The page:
Irrigation Effects on Agronomic Characters of Meadowfoam1
- C. H. Pearson and
- G. D. Jolliff2
Meadowfoam (Limnanthes alba Benth.), a winter annual adapted to Mediterranean climates, produces a seed oil that has potential uses in industry. Insufficient water during flowering and seed development of meadowfoam might cause the highly variable seed yields previously experienced. The effects of irrigation on oil yield, seed yield and yield components, plant growth and development, and honey bee (Apis mellifra L.) foraging were determined. Irrigation treatments included: none (control), early irrigation (EI) during flowering, and continued irrigation (CI) from flowering until maturity. The soil was a fine-silty, mixed, mesic Aquultic Argixeroll. Seed yield was not increased with irrigation in 1981, probably because above-average precipitation occurred during May and June, but in 1982 seed yield in the irrigated treatments averaged 32% higher than in the control. Seed yield differences between the El and CI treatments were not significant. Seeds per flower and 1000-seed weights in the irrigated treatments in 1982 were 9 and 5% higher than in the control, respectively. Bee foraging at late flowering was greater in the irrigated treatments than in the control. Greater bee activity in the irrigated treatments may account for more seeds per flower in these treatments than in the control. The seed oil content in the irrigated treatments was significantly lower than in the control; however, meadowfoam in the irrigated treatments in 1982 yielded 29% more total oil than in the control. Compared with the control, irrigated plants were taller in both years and in 1982 produced more dry matter and had a smaller canopy light transmittance. In some years meadowfoam can be successfully grown in Mediterranean climates without irrigation; however, in other years irrigation during flowering and seed development, particularly during flowering, may be required to achieve high seed and oil yields.Please view the pdf by using the Full Text (PDF) link under 'View' to the left.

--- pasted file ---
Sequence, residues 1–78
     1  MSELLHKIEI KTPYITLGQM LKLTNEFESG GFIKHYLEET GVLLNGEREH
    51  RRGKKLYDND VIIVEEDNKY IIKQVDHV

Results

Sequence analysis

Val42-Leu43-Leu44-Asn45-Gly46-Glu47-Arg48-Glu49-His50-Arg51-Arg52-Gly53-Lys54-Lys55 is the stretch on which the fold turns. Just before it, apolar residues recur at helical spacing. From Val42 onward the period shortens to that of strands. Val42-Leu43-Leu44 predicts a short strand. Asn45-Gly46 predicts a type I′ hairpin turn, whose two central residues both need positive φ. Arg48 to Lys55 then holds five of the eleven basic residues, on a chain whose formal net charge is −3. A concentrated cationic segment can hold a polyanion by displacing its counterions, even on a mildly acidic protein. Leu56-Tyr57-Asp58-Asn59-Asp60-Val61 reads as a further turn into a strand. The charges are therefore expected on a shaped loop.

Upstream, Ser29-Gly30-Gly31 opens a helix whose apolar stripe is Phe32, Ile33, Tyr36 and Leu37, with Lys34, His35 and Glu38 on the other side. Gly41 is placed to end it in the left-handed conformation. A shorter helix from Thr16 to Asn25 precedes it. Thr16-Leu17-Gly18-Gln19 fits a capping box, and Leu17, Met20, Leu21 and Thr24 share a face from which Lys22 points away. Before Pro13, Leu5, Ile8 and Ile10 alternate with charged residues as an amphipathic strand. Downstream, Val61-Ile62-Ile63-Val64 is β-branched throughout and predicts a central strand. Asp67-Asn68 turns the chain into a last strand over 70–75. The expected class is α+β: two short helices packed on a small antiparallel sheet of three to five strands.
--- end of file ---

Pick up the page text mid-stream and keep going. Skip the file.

Copyright © . .